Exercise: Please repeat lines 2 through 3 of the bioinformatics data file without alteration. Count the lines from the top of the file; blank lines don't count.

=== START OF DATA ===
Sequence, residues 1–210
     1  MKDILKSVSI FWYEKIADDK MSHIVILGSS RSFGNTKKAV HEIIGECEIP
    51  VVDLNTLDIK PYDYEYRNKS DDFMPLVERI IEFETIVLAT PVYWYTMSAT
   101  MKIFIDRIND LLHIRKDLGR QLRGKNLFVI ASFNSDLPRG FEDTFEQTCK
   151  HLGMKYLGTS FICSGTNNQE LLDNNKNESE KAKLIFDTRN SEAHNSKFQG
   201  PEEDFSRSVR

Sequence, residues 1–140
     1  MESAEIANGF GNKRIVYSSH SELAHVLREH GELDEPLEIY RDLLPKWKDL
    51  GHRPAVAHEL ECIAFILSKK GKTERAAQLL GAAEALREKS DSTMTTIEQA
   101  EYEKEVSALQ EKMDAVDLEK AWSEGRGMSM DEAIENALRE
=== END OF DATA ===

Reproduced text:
     1  MKDILKSVSI FWYEKIADDK MSHIVILGSS RSFGNTKKAV HEIIGECEIP
    51  VVDLNTLDIK PYDYEYRNKS DDFMPLVERI IEFETIVLAT PVYWYTMSAT